Promoting Health Benefits of Blueberries Could Boost Sales

Clint Thompson Alabama, Berries, Florida, Georgia, Top Posts

Pictured is a file photo of blueberries.

By Clint Thompson

Produce industry experts believe consumers are, and will continue to be more health conscious, which is good news for blueberry producers.

“It’s very apparent to me that consumers are getting the message because when you look at things like the blueberry category, the strawberry category, the citrus category, we’re seeing great movement in those types of items,” said Melissa Byland, senior buyer in produce at Walmart. “I think consumers are definitely connecting fresh produce and specific items within fresh produce in the aspect that they contribute to better health. We’re definitely seeing the impacts of that in our business.”

Health Benefits

According to UGA Extension’s blueberry site, blueberries are a good source of vitamin C, iron and fiber. They’re cholesterol-free, sodium-free and possess an important source of potassium.

Research concludes that the antioxidants in blueberries help protect the body against chronic diseases associated with aging.

“We talked to one scientist who said there are seven things you should be eating to boost your immune system to protect you from any virus. Blueberries were on the list. We need to take advantage of that in this current situation to educate consumers,” said Cathy Burns, CEO of the Produce Marketing Association. “I don’t think it’s going away anytime soon. People are going to continue to be concerned about health. Obviously, what Melissa is seeing in her sales is very consistent with what we’re hearing with retailers across the board. It’s our time to shine and really focus on eating fresh fruits and vegetables, and blueberries fits squarely in that.”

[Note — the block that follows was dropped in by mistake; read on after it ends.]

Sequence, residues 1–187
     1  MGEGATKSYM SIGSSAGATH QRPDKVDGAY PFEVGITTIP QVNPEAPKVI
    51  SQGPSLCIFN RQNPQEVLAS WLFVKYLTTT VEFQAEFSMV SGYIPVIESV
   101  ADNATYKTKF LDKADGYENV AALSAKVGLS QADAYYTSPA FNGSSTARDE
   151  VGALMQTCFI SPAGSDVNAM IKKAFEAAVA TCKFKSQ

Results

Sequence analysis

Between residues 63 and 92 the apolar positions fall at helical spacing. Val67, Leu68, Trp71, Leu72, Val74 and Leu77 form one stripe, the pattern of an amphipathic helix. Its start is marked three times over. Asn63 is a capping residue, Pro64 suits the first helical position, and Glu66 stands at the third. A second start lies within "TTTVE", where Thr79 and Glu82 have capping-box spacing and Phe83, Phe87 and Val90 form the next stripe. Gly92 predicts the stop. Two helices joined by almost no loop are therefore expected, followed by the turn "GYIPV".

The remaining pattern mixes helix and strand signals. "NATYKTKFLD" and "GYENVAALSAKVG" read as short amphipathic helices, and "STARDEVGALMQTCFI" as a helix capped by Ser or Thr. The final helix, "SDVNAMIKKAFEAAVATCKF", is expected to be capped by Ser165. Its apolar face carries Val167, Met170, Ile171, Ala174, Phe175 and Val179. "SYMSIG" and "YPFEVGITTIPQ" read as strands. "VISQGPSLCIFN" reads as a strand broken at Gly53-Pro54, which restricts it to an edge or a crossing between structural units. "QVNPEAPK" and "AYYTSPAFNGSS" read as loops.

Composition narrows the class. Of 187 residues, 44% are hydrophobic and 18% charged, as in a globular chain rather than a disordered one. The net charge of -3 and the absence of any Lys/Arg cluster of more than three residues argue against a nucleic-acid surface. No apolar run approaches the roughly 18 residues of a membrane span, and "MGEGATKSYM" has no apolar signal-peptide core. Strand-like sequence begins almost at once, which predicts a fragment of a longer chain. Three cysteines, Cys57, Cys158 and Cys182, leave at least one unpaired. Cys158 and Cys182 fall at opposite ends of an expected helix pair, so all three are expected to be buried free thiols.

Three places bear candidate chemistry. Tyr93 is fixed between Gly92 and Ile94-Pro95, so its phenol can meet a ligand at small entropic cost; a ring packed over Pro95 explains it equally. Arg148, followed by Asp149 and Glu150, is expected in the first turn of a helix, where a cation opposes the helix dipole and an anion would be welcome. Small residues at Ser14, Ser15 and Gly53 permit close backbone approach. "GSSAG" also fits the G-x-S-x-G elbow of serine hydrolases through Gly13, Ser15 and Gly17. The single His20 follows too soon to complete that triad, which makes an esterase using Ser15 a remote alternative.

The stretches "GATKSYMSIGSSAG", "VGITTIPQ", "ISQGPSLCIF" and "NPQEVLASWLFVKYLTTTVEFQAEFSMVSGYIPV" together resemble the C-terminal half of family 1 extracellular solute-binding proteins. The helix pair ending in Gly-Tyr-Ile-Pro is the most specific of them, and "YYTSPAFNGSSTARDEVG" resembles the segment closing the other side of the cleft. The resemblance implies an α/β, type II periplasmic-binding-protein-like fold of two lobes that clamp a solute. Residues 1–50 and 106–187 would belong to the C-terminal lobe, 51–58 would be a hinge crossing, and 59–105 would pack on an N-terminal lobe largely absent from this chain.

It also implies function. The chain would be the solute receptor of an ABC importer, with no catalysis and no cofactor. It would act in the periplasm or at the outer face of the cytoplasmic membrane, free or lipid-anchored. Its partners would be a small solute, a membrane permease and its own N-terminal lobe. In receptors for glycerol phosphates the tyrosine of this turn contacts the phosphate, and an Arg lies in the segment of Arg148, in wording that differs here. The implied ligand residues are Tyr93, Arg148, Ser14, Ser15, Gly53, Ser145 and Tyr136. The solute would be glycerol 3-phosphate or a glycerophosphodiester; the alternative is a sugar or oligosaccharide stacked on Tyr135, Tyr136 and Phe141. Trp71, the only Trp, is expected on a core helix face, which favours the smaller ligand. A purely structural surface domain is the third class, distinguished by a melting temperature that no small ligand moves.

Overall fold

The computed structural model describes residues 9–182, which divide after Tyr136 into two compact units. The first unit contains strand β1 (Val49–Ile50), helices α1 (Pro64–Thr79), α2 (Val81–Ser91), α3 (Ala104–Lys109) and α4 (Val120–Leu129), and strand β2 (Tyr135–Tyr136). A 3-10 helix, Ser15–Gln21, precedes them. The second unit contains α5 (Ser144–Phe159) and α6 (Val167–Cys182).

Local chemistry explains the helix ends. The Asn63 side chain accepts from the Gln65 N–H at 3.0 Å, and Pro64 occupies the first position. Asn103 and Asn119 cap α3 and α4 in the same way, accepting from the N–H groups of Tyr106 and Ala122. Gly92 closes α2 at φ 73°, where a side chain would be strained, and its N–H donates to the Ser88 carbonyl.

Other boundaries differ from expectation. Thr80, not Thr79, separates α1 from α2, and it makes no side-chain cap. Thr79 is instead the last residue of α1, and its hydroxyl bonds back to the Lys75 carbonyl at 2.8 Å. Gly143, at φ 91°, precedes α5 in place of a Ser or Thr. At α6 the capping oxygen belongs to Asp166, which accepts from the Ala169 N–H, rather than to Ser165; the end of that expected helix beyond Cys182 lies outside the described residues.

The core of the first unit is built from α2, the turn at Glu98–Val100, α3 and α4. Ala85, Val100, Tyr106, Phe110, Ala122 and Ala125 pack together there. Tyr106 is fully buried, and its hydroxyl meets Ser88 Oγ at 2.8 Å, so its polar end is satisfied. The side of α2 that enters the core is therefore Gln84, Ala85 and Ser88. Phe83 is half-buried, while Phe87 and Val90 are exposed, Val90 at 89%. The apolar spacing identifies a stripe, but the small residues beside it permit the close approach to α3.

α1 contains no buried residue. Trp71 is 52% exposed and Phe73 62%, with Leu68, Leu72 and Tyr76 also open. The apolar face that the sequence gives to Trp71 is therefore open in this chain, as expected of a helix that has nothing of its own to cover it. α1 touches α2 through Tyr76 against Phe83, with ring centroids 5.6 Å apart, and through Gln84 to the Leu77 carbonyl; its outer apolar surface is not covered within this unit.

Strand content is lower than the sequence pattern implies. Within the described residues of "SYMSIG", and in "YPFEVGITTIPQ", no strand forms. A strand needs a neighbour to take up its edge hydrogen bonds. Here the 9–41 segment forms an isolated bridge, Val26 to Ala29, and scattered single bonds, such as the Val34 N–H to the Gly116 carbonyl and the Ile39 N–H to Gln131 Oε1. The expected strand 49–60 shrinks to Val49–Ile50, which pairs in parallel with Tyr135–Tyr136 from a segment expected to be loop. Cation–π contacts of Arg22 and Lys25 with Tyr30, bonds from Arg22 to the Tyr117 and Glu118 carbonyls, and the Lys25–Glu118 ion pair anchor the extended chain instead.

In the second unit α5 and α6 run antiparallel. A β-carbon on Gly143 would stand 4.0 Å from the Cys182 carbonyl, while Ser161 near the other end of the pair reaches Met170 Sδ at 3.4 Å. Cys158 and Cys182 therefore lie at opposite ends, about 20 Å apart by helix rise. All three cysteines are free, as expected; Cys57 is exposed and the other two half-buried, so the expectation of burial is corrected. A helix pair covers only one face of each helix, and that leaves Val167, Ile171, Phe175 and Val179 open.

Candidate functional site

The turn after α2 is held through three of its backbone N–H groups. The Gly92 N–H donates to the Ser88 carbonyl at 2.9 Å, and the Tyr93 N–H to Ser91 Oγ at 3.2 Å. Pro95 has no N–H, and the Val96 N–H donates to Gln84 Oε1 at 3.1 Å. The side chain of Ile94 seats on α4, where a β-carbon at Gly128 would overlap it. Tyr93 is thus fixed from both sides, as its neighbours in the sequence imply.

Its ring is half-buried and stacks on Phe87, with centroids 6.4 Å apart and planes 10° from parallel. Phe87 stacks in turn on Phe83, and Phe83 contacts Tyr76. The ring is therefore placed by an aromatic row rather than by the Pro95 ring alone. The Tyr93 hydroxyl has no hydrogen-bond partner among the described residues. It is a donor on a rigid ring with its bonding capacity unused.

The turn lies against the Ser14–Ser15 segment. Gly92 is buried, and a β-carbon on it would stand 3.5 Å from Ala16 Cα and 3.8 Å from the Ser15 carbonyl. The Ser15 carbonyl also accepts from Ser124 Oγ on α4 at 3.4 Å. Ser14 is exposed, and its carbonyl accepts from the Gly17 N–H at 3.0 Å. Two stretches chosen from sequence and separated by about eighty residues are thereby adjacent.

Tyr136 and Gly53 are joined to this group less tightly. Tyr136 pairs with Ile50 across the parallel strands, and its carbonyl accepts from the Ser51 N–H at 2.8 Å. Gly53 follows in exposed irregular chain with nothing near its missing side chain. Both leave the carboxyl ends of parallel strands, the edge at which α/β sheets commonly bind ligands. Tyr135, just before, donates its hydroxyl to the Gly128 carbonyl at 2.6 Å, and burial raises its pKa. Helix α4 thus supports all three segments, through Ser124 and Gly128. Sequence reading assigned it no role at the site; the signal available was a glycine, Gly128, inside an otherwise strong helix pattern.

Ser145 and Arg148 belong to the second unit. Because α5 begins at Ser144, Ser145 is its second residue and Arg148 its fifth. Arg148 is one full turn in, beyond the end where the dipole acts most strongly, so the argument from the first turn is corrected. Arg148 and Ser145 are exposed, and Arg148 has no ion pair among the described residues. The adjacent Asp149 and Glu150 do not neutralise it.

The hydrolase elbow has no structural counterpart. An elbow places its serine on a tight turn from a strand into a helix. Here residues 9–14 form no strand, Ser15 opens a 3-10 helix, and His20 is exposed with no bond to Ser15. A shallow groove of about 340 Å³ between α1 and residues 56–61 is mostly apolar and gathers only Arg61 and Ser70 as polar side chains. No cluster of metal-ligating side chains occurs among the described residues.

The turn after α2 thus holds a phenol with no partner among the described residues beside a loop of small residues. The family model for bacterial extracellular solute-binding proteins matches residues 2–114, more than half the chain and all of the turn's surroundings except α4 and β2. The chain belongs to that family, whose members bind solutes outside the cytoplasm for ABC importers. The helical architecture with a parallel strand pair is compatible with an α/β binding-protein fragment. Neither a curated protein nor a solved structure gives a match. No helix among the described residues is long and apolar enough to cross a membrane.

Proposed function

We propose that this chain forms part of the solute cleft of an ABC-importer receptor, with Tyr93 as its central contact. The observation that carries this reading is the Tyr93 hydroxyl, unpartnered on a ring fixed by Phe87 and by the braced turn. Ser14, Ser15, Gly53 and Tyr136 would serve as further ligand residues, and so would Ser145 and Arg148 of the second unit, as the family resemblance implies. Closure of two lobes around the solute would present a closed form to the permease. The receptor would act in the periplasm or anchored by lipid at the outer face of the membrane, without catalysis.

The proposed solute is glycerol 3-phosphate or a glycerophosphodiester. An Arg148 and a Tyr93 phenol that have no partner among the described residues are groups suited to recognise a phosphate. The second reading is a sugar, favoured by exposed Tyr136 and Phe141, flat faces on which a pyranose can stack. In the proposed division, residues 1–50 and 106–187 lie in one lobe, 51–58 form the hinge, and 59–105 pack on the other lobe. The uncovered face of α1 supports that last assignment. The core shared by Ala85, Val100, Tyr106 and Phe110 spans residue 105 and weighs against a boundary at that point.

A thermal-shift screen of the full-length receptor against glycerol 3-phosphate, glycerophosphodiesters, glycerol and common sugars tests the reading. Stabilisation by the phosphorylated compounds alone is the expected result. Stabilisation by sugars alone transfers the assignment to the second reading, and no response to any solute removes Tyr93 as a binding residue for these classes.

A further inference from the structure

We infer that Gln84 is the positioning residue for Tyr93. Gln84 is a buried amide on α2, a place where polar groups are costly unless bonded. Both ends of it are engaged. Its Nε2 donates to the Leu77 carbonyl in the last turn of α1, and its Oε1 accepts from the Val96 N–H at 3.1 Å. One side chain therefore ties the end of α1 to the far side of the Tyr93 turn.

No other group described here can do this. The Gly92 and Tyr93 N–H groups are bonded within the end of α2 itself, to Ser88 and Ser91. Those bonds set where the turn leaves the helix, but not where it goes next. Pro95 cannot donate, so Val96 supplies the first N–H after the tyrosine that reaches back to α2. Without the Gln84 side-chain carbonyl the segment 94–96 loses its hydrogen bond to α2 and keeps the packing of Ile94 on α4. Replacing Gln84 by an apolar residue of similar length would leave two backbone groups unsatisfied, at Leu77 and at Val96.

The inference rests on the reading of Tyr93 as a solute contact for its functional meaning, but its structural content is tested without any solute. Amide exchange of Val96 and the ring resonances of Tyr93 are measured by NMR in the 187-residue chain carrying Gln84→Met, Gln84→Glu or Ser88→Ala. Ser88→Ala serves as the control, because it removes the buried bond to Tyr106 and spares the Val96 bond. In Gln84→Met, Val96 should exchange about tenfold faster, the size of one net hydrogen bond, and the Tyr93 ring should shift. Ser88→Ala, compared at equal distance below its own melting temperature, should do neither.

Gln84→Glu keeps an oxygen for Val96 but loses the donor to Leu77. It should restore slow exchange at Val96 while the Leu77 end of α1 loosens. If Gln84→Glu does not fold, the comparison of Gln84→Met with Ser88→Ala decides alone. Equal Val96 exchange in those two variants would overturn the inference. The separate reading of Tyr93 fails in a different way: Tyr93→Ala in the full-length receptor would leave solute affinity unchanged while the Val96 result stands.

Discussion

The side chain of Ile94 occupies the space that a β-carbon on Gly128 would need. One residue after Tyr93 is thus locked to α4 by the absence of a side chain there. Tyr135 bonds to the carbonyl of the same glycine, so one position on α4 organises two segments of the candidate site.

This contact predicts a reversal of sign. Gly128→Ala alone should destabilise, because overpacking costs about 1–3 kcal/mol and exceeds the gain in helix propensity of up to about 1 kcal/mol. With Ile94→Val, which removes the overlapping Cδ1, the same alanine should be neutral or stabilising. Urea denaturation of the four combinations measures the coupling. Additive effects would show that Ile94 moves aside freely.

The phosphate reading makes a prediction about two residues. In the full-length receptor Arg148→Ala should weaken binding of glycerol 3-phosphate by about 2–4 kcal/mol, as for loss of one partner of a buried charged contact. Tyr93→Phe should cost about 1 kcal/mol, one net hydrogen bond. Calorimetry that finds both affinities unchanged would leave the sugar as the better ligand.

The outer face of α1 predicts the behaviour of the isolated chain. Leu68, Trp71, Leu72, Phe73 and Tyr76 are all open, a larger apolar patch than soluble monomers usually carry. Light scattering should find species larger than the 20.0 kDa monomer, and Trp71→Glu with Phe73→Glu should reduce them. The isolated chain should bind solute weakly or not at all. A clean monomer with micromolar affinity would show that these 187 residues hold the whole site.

According to the U.S. Highbush Blueberry Council, Georgia and Florida, along with eight other states, help produce more than 98% of the country’s blueberry crop.

Blueberry producers should really profit in the upcoming months. Byland said the latter part of spring and into summer, berries are under the spotlight at Wal-Mart. And it’s not changing.

“For us, we look at May, June and July as the Super Bowl of berries. We’re really planning to execute business the same way we have in the past. I know that quality and availability is at its best during this time. We’re able to offer customers larger pack sizes,” Byland said. “We’re really gearing down and looking toward running our summer business the same way we always have. It’s a great opportunity also for us to feature locally grown products, which we try to do as often as we possibly can. We know that it definitely resonates with customers. It gives them a great feeling about being able to support their local farmers.”